Growth stocks may have led the early 2023 rally, but stubbornly high inflation means that won’t last.
That’s the main message from the BlackRock Investment Institute on Monday, as U.S. stocks attempted to bounce after cementing their worst weekly losses of the year last week and as robust economic data pointed to challenges ahead for the Federal Reserve as it works to bring the cost of living to heel.
“High inflation has sparked cost-of-living crises, putting pressure on central banks to tame inflation with whatever it takes,” said the BlackRock Investment team led by Wei Li, global chief investment strategist.
Importantly, the team also thinks “[w]e are going to be living with inflation,” since the Fed’s recent “cycle of outsized rate hikes will stop without inflation being back on track to return fully to 2% targets, in our view.”
While the research team expects spending patterns to normalize and energy prices to “relent,” helping to cool inflation, they also see inflation “persisting above policy targets in coming years.”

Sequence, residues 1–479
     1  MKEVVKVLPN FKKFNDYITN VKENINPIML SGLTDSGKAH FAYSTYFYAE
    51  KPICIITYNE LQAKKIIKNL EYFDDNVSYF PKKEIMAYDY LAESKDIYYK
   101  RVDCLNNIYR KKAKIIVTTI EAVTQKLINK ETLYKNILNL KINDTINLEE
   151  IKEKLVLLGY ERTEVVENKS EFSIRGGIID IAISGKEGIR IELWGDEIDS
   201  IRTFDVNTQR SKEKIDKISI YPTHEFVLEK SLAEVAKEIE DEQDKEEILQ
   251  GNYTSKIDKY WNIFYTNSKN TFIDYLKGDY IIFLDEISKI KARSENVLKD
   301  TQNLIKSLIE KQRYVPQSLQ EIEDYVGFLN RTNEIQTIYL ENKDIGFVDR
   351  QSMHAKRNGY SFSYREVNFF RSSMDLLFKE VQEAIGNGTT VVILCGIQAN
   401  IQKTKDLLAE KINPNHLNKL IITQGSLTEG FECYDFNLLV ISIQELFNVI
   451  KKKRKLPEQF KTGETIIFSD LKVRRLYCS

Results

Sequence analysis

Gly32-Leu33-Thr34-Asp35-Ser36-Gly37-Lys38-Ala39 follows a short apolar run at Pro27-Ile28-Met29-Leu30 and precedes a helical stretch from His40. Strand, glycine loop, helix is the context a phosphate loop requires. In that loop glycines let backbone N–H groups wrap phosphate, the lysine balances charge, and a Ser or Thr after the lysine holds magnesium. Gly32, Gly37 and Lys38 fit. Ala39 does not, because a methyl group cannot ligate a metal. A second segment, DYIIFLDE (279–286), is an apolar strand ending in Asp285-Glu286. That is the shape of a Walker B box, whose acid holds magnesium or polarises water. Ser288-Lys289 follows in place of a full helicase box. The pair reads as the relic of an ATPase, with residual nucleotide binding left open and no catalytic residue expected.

On Friday, the Fed’s preferred inflation gauge, the Personal Consumption Expenditure, showed a 5.4% year-over-year increase in prices in January, up from a 5.3% rate the month before.
The Federal Reserve has already raised its benchmark fed-funds rate to a 4.25%-4.75% range, up from nearly zero a year ago, with another increase expected in late March as the central bank works to get borrowing costs into restrictive territory.
With this backdrop, the BlackRock team expects higher rates to weigh on growth stocks
reducing the value of future cash flows, but to bolster value stocks
which “can resume their climb” started last year (see chart) — even as rates increase, inflation stays elevated and the U.S. economy ends up in a recession.
The Russell 1000 Growth Index was up 7.1% on the year through Monday, according to FactSet, while the Russell 1000 Value Index was up 1.4% for the same stretch. The tech-heavy Nasdaq
was up 9.6% and the S&P 500
was up 3.7% on the year.
“While value historically underperforms heading into recession because capital-intensive companies can’t respond quickly to changing cycles, we think that could be different in this atypical economic cycle,” the BlackRock team wrote. “Value is still attractive after being beaten down for so long.”
They also like short-term government debt, including Treasurys, where yields have shot higher, but not longer-duration bonds, particularly with last year’s painful selloff across markets showing that the value of both stocks and bonds can drop in tandem.
“Central banks are unlikely to come to the rescue with rapid rate cuts in recessions they engineered to bring down inflation to policy targets,” the BlackRock team said of its preference for shorter Treasurys. “If anything, policy rates may stay higher for longer than the market is expecting.”